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Everything you need to know about skin pH and the myths around the same – Times of India

If you’re someone who is inclined a lot towards taking good care of your skin, you might know several things about it. But when it comes to your skin, there’s quite some amount of knowledge that the Internet may or may not always provide you with. And if you specifically talk about your skin‘s pH levels and the common myths around the same, you might find yourself lacking the knowledge on it. Hence, we got in a conversation with
Dr. Vibhav R Sanzgiri, Global Vice President R&D Skin Cleansing, Site Leader R&D India (Unilever) & Executive Director, HUL along with
Dr. Ananth KP, Professor and Academic Director of Cosmetic Science Programs, College of Pharmacy, University of Cincinnati, Ohio to talk about everything regarding skin pH. Here are some things that will definitely interest you about the same.

To begin with, you must first understand what skin pH really is. Dr Sanzgiri explained in detail saying, “Your skin pH varies typically between the numbers 4 and 6. The skin pH is something that isn’t a fixed number and it gets affected both by external and internal factors. Internal factors being ethnicity, age or the conditions that you might have, all of which can affect your pH. External factors like climate, even day and night can be the reason.” Did you know that your skin pH undergoes a diagonal cycle where it changes in the day as well as the night? “It’s even different in different parts of your body. Your sweat, sebum and oil also have an impact on the variability of the skin’s pH, said Dr. Sanzgiri.

We next moved on to know how to tell if your skin’s pH is healthy or not. Dr. Sanzgiri explained it by saying, “There are instruments that can measure your skin pH. But, the skin pH alone is not a measure to tell you how healthy your skin is. To understand if your skin is healthy, you can use visual indicators, like if your skin is visually dry or healthy. If there’s suppleness and elasticity to your skin or if there’s moisture loss in your skin. All these things are measures of how healthy your skin really is. Hence, you must understand that just because your skin’s pH is a certain number, it doesn’t mean your skin is healthy.”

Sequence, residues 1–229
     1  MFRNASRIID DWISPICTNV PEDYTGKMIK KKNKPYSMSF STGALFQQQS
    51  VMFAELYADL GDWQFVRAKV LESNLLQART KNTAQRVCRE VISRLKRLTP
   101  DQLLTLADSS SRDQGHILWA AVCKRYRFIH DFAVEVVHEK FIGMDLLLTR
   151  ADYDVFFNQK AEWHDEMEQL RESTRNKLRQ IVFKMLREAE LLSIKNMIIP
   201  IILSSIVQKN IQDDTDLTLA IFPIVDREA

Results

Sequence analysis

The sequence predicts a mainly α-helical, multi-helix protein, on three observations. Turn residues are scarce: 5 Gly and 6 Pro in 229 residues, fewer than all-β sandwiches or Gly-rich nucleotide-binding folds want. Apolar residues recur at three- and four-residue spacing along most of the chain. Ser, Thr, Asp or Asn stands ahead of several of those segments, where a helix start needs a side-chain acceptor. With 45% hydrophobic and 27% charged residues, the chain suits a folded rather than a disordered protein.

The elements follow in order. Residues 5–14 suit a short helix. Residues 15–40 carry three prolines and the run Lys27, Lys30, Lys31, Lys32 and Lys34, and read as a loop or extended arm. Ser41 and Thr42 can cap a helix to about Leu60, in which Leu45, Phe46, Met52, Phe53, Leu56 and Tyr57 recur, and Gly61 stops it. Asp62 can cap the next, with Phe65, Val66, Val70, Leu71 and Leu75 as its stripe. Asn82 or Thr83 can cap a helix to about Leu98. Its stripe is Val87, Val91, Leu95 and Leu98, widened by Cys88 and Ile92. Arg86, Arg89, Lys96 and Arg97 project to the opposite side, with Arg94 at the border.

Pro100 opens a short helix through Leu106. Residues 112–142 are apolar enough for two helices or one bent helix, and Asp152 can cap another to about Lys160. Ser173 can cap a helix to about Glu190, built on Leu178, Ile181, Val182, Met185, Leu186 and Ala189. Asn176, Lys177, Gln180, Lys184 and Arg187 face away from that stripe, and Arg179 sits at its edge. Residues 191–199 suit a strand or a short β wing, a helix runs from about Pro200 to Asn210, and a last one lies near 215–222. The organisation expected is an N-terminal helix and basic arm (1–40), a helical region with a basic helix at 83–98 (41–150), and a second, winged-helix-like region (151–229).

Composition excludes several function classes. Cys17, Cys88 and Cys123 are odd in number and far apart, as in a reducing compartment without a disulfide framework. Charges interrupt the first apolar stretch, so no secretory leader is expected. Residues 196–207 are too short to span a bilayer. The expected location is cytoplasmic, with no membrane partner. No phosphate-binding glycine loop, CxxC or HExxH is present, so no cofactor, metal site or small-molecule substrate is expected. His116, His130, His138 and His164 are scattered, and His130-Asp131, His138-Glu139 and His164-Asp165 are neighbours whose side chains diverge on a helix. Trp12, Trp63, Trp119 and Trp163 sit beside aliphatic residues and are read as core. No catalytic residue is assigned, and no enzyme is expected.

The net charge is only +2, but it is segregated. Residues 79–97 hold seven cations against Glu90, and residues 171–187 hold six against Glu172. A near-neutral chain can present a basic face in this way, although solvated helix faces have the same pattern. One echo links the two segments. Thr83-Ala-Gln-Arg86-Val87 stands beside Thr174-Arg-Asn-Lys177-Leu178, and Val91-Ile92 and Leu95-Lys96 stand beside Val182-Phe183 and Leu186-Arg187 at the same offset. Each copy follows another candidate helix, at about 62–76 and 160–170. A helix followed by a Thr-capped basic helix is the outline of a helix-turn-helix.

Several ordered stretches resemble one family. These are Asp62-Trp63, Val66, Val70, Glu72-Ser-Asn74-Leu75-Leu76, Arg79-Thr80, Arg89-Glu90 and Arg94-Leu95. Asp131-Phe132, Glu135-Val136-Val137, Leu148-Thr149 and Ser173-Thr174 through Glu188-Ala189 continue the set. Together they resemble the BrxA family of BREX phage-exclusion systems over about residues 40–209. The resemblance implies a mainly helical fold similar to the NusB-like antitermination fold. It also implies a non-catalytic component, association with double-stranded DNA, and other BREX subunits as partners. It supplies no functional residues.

We went on to understand if there’s a standard limit on the usage of pH for skin? Dr. Ananth and Dr. Sanzgiri contributed and explained, “In India, if you’re making a cleanser, like a soap bar, for example, we have to follow the Bureau of Indian Standards guidelines. It tells you very specifically what should be the amount of fatty matter, oil or alkali that you need to use in soap. So basically, when you combine the oil with an alkali, you generate soap. There is a standard that says that you need to have at least 60-78% of oil, a certain amount of alkali and then there are parameters of everything else that you can use. But, interestingly, there are no pH standards. So, the Bureau of Indian Standards says that the national standard for calling a product as soap does not have any pH specifications at all. It has specifications of the composition of the product.” Dr. Ananth specified, pH is not the way you measure if the product is mild or not. If you use the wrong ingredients or surfactants, at a lower pH, it’ll only damage your skin more than at a neutral or higher pH. And that is how you need to understand what makes a well-designed soap. That’s the reason why these standards are designed the way they are.